$2 billion is too much for Michigan to spend on prisons, state must find way to cut spending

Guest Editorial
Nathan Bootz, the Ithaca schools superintendent, made a suggestion recently that got a lot of attention: He asked, facetiously, in a letter to Gov. Rick Snyder, that the state of Michigan make his school a prison.

“We need to treat our students like they are prisoners, with equal funding,” he wrote. “Please give my students three meals a day. Please give my children access to free health care. Please provide my school district Internet access and computers. Please put books in my library. Please give my students a weight room so we can be big and strong. We provide all of these things to prisoners because they have constitutional rights. What about the rights of youth, our future?!”

Bootz uses sarcasm to make his point about the disparity in how much is paid for prisoners compared to how much we spend on students. And, while this particular analogy doesn’t hold up under careful scrutiny, it sure makes people stop and think about our spending priorities in Michigan.

Whether or not Bootz intended to heighten public attention on the prison system, he had this part right: The cost incurred in this state to run its Department of Corrections is high — too high.

And, despite reducing staff, closing prison facilities and an early release policy started several years ago, corrections department expenses have remained high. That’s in spite of the fact that the Michigan prison population has dropped from almost 52,000 in 2007 to about 44,000 today.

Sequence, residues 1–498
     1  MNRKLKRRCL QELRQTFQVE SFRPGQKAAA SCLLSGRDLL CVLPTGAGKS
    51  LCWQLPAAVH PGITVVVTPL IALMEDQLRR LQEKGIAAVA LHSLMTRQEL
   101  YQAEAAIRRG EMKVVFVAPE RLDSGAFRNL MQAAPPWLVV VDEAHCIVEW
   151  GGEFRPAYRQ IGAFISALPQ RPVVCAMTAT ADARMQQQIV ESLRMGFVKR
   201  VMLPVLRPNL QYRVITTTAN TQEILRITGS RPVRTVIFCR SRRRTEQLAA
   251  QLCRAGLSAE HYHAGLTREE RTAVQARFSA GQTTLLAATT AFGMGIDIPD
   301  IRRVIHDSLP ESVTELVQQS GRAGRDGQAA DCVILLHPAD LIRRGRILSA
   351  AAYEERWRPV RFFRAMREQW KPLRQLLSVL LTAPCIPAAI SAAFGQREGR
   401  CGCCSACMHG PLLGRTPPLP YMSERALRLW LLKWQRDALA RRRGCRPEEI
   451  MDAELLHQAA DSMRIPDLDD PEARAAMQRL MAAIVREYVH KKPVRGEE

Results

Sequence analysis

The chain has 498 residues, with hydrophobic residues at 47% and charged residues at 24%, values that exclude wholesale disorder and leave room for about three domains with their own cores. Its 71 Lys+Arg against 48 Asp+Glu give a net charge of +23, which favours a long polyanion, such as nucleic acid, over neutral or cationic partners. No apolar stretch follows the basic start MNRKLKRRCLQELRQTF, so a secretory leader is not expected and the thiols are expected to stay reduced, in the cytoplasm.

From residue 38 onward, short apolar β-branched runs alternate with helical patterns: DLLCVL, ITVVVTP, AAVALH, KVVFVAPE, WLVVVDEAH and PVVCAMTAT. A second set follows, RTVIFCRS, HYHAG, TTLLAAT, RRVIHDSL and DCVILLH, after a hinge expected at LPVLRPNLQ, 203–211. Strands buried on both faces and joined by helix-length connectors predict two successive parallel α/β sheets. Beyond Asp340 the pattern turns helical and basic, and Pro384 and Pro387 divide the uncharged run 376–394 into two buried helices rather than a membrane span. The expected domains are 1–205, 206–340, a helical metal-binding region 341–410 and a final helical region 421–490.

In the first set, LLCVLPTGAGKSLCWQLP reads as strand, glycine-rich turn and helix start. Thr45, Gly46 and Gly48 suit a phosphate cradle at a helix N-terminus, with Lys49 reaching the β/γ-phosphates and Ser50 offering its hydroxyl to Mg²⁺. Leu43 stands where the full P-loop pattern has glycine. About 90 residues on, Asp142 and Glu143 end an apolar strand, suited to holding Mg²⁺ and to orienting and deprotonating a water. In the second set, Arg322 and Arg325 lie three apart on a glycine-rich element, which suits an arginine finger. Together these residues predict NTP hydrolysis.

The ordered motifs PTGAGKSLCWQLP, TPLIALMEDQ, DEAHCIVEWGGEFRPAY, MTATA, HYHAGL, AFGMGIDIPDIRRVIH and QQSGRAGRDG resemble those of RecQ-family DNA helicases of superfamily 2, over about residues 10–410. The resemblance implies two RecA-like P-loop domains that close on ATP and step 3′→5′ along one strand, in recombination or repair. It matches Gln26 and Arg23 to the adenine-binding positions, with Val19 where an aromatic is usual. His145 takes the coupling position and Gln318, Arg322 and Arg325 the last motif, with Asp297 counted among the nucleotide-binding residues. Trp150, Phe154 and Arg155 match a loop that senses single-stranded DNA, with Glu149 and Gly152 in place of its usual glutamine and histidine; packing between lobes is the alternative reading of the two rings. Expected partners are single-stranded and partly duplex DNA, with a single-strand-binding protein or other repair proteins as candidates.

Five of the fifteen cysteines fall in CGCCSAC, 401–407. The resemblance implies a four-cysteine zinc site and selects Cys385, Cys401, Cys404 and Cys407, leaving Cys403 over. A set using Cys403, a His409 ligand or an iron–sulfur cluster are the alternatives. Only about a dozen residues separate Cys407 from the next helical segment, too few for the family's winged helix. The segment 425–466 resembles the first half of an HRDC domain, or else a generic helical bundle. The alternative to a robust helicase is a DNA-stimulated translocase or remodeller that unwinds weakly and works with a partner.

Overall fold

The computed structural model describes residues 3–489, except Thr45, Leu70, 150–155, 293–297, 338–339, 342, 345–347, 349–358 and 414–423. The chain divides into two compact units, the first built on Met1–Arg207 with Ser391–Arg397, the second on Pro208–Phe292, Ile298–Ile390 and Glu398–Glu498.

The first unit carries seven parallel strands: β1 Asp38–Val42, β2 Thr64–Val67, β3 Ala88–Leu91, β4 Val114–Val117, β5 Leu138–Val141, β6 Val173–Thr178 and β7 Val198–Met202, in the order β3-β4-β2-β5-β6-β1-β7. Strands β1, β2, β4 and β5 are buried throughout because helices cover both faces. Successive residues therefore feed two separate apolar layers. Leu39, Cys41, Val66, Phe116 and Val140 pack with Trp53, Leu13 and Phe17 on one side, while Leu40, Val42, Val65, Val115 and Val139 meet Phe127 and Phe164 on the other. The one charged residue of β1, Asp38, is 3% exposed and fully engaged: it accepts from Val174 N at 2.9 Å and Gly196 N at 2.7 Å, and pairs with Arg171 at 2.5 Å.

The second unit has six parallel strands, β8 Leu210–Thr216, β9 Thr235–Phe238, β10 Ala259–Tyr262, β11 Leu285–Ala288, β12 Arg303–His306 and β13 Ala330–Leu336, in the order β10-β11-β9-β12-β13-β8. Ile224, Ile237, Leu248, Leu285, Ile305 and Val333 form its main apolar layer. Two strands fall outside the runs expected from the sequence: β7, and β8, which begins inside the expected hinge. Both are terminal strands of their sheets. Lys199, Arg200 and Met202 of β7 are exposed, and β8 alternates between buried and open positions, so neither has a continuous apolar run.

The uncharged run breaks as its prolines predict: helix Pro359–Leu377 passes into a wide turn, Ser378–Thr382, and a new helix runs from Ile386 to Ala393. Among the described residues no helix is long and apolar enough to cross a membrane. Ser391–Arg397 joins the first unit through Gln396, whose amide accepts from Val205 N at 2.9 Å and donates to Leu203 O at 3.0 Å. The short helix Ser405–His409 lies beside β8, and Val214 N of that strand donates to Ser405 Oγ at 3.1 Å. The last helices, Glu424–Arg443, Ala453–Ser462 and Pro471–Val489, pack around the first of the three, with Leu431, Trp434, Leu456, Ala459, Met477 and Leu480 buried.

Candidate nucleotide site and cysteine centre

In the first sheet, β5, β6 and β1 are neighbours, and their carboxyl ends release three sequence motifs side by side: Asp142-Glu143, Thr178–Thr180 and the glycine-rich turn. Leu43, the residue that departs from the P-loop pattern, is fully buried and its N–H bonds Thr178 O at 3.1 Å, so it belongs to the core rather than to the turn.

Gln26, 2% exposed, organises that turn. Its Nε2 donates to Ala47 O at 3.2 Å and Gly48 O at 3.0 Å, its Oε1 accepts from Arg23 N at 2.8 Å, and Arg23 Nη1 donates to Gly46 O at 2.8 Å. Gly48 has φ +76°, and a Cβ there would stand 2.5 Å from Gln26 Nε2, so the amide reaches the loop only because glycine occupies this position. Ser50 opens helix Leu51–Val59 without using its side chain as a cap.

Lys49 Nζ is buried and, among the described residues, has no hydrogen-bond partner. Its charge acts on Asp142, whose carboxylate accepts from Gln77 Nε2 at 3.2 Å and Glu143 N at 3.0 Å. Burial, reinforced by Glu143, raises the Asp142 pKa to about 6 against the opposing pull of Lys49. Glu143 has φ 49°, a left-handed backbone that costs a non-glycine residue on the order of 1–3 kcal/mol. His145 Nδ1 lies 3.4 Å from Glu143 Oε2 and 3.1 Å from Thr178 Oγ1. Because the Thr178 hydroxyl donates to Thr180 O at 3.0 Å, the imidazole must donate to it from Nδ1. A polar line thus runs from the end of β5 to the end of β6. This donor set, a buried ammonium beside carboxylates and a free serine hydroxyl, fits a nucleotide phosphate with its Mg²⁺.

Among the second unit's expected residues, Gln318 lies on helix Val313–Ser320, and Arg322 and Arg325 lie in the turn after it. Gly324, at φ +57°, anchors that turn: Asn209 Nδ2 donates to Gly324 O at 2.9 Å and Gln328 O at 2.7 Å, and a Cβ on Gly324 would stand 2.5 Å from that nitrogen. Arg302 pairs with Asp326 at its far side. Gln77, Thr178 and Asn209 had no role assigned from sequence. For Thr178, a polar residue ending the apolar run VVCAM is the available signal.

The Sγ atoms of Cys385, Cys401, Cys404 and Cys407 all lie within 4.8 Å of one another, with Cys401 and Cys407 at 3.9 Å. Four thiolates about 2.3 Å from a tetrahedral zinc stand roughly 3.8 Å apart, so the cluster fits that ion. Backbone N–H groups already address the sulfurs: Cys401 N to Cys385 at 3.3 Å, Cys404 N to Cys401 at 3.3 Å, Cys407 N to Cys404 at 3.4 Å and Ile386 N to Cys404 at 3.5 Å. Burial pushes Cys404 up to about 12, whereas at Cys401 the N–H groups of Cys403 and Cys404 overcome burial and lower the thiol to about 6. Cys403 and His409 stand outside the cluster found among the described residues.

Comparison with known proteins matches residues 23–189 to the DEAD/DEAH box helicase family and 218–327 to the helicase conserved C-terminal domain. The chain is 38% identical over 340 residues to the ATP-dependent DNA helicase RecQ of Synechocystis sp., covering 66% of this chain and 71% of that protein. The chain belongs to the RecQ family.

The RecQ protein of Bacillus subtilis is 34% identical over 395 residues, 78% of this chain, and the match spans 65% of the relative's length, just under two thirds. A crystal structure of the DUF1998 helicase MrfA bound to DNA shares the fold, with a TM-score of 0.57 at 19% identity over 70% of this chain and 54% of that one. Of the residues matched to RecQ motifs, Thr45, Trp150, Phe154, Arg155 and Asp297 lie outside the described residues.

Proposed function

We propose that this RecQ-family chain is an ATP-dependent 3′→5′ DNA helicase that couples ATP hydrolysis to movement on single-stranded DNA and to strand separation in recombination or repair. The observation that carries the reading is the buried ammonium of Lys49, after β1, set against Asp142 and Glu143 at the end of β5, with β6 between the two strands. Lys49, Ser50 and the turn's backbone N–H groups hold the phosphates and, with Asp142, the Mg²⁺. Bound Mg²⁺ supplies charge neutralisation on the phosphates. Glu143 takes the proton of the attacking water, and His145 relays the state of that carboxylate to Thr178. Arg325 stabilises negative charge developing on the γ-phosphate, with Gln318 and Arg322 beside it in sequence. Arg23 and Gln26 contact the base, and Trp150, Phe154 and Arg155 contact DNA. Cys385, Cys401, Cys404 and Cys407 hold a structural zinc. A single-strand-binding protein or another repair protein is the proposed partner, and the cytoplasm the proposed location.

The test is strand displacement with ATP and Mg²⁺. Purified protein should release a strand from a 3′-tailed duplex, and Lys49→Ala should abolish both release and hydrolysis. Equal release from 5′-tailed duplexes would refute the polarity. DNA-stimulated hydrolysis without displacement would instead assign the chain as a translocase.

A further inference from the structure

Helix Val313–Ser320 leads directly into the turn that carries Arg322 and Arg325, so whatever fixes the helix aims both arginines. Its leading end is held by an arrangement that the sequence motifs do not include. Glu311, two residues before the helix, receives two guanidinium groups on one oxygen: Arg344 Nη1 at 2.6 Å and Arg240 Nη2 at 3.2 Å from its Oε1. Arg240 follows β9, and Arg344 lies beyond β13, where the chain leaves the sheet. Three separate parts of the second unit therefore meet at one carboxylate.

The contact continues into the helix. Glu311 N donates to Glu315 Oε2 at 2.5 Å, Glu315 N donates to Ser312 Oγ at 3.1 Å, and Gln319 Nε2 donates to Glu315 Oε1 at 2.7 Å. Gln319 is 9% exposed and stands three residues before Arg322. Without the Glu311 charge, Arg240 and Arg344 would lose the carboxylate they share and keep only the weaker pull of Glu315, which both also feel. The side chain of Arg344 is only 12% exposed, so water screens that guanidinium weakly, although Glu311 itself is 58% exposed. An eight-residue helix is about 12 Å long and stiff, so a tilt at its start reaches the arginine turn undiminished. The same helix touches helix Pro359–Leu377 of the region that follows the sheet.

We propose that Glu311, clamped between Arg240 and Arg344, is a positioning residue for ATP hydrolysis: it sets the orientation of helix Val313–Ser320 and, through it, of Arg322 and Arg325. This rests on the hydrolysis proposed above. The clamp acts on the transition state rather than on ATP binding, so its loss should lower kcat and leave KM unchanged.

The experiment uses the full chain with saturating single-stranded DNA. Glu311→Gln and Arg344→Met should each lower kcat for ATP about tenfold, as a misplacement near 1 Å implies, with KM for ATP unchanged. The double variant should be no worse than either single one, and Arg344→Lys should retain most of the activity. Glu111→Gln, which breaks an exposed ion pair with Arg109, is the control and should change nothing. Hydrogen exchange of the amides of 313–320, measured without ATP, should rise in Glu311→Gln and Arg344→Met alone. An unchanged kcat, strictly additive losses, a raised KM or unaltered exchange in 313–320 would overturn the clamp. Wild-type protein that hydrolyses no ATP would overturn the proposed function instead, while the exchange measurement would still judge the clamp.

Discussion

The 2012 general fund budget that lawmakers passed last month in Lansing allots just under $2 billion for corrections — not much of a change from the $2 billion spent last year, and the year before. And that amount for corrections represents about a quarter of the state general fund.

It’s incredible that Michigan is spending a quarter of its general fund on the state prison system.

It’s incredible that we’re spending more money on prisons than we are on higher education.

Just as the weight of wages and benefits has burdened local police and fire departments and public schools, so, too, have personnel costs and health care costs for employees and prisoners grown more burdensome on the state prison system. Those costs now consume 75 percent of the Department of Corrections budget.

New hires in the corrections department pay 20 percent of their health-care costs, and their
pensions are less expensive than the benefit plans that are on the books for corrections department veterans. But the impact of these reforms has not resulted in a significant reduction in the budget.

It’s interesting to note that corrections employees now represent nearly one in three state workers.

For substantive change in personnel costs, unions representing longtime corrections workers would have to agree to the kinds of cuts in pay and benefits that were imposed on the private sector years ago. Can that happen?

And can taxpayers and their elected officials consider the return on their investment when they think about nearly $2 billion being spent on the state prison system?

Can we come up with more cost-effective ways to accomplish the same goals?

Whether or not these changes can happen, it is imperative that we reinvent our corrections system based on what taxpayers in Michigan can truly afford.

Fundamentally, we’re paying top dollar among the Great Lakes states to lock up the largest prison population in the region — and it is crippling our state.